Adapted from well known chef April Bloomfield’s latest book “A Girl and Her Greens”, today’s recipe puts savoy cabbage center stage. It’s not your usual stuffed cabbage with ground meat and rice, rather the stuffing is sauteed cabbage along with carrots, onions and bacon. Savoy cabbage is a milder and somewhat sweeter variety of cabbage. Combined with bacon and Parmesan this cabbage roll is packed with flavor. You could certainly omit the bacon for a vegetarian version, but it lends a nice smokiness to the dish.

I had some of the filling leftover so I spooned it over top of the rolls before popping it in the oven. Serve with a salad and some crusty bread for a simple wintry supper.

Cabbage Stuffed Cabbage Rolls

½ stick unsalted butter, plus more for greasing pan
¼ cup extra-virgin olive oil, plus more for drizzling
5 ounces thick-cut smoked bacon, cut into ¼-inch cubes (about 1 cup)
¼ pound carrots, cut into ¼-inch cubes
1 medium yellow onion, halved lengthwise and thinly sliced
2½ teaspoons flaky sea salt, plus more for garnish
2 Savoy cabbages (about 1½ pounds each)
1 cup chicken stock
Kosher salt and freshly ground black pepper
2 ounces Parmesan cheese, finely grated, plus more for garnish
Lemon wedge, for squeezing

Melt butter and oil in a wide, heavy lidded pot over medium heat. Add bacon, carrots, onions and 1½ teaspoons sea salt to pot. Cover and cook, without stirring, until bacon looks a bit translucent, 5–7 minutes. Stir and continue cooking, covered and stirring occasionally, until onions are very soft but not brown, about 15 minutes.

Meanwhile, remove and discard outermost leaves of cabbages. Carefully remove 12 large leaves and set aside. Halve, core and thinly slice remaining cabbage, setting aside 10 cups chopped cabbage. Reserve any extra cabbage for another use.

Add chicken stock to pot with onions, increase heat and bring liquid to a boil. Once boiling, stir in sliced cabbage and 1 teaspoon sea salt. Cover pot, reduce heat to medium, and simmer, stirring occasionally, until cabbage is tender but not mushy, about 7 minutes. Remove pot from heat.

Bring a medium pot of water to a boil over high heat. Season water generously with kosher salt. Working in 2-3 batches, boil reserved cabbage leaves until soft enough to fold without breaking, 3-4 minutes per batch. Use tongs to remove from water, drain well, let cool and pat dry.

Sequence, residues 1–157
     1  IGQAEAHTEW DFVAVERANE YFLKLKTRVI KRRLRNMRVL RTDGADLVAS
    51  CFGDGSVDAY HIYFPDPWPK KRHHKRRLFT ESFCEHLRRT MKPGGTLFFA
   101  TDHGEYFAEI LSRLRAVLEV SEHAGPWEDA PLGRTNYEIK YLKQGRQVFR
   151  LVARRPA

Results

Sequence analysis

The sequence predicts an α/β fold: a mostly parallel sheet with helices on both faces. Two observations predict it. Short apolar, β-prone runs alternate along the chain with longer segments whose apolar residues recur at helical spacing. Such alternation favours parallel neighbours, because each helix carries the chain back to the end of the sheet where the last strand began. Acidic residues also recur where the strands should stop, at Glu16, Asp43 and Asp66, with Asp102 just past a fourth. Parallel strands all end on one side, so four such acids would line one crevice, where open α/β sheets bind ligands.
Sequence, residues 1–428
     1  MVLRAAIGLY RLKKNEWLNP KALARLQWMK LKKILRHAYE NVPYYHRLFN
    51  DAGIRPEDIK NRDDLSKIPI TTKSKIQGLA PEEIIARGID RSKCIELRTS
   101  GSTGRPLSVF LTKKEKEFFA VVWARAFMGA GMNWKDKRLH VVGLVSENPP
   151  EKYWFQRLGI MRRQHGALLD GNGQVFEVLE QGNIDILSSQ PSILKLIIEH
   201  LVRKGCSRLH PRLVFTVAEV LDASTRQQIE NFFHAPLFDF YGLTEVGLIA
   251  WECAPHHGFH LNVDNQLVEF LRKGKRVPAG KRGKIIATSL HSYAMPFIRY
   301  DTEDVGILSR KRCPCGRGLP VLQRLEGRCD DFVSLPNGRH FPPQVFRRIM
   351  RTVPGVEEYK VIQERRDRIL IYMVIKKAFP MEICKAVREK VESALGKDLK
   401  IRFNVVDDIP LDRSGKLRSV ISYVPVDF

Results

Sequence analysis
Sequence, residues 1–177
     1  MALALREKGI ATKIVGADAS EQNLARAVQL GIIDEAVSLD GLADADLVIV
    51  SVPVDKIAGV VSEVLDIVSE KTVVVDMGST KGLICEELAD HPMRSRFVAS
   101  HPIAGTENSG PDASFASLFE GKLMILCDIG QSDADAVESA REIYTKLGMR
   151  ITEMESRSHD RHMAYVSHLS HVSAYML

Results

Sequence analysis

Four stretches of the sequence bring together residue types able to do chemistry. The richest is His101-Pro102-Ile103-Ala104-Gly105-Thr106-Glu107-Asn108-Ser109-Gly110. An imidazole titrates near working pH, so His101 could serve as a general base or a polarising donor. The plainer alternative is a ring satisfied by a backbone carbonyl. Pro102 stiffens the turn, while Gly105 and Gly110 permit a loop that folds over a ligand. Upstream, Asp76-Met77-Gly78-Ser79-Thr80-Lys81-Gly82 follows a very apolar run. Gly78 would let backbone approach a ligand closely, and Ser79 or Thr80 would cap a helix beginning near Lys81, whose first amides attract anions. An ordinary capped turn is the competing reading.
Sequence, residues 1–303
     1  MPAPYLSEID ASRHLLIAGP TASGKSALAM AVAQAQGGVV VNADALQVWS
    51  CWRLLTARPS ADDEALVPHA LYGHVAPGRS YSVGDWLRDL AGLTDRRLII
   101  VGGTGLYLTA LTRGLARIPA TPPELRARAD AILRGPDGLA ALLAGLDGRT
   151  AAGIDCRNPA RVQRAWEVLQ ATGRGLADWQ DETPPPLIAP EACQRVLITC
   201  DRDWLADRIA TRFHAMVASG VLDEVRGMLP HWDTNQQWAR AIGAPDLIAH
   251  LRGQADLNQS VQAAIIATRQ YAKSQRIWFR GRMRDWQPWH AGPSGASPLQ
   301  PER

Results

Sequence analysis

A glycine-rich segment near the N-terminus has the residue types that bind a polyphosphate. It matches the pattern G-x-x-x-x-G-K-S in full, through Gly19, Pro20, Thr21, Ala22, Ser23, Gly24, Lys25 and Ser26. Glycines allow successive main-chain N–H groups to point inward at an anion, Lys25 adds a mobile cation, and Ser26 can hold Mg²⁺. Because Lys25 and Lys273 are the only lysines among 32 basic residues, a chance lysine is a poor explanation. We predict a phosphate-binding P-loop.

Assemble stuffed cabbage: Heat broiler. Generously butter a large, heavy baking dish. Place boiled leaves on a work surface, concave-side up. Stir cabbage-onion mixture, then use a slotted spoon to portion mixture evenly among leaves, leaving a ½-inch border. Reserve cooking liquid for basting. Sprinkle Parmesan over bacon mixture. Roll each leaf over the filling to form a fairly snug cylinder with open ends, then transfer, seam-side down, to baking dish.

Place baking dish under broiler and cook cabbage rolls, basting occasionally with reserved cooking liquid, until lightly browned on top and heated through, 3–5 minutes.

To serve, garnish rolls with Parmesan, sea salt and pepper to taste. Finish with a drizzle of olive oil and a squeeze of lemon juice.

November 6, 2015


Crumb Cake Muffins


I had a craving for a crumb cake, one of those little cakes that they used to sell in the cafeteria at my high school. Individually wrapped in plastic and similar to a Drake’s cake, they had a little bit of cake and a lot of crumbs. As far as I’m concerned there can never been too many crumbs.

I could have just made a crumb topped coffee cake, but I wanted something that I could hold in my hand. I searched through various cookbooks and websites and finally came up with this recipe which was exactly what I had in mind. It’s the grown up version of my high school treat.


Crumb Cake Muffins (slightly adapted from Table for Two)

Crumb topping
⅓ cup granulated sugar
⅓ cup dark brown sugar
1 tsp. ground cinnamon
⅛ tsp. salt
8 tbsp. unsalted butter, melted
1¾ cups flour

1¼ cup cake flour
½ cup granulated sugar
¼ tsp. baking soda
¼ tsp. salt
6 tbsp. unsalted butter, cut into 6 pieces, slightly softened
1 large egg
1 egg yolk
1 tsp. vanilla extract
⅓ cup buttermilk or ⅓ cup plain yogurt (I used yogurt)

Preheat oven to 325 degrees. You’ll need to use those deep muffin cups because the batter puffs up and your crumbs will fall off if you don’t. Spray liners lightly with cooking spray.

In a medium bowl, mix together sugars, cinnamon, and salt. Pour the butter over top and using a wooden spoon, mix until incorporated. Add the flour and mix until mixture resembles a thick dough. With your fingers pinch dough together to form large crumbs. Set aside.

In the bowl of a stand mixer fitted with the paddle attachment, mix flour, sugar, baking soda, and salt on low speed to combine. With mixer at low speed, add butter one piece at a time; continue beating until mixture resembles moist crumbs, with no visible butter chunks remaining, 1 to 2 minutes.

Add the egg, egg yolk, vanilla extract and buttermilk or yogurt and mix until batter is light and fluffy.

Using a ¼ cup measuring cup, divide up batter into prepared muffin cups. Sprinkle a good amount of the crumb topping over the batter. Do not press the crumb topping into the batter. Just let it sit on top. The original recipe said this makes 12 muffins but when using 1/4 cup measure to portion out the batter I only had enough for 8. Next time I would use a little less than 1/4 cup and make 12. You want the finished product to have a small amount of cake with a lot of crumbs.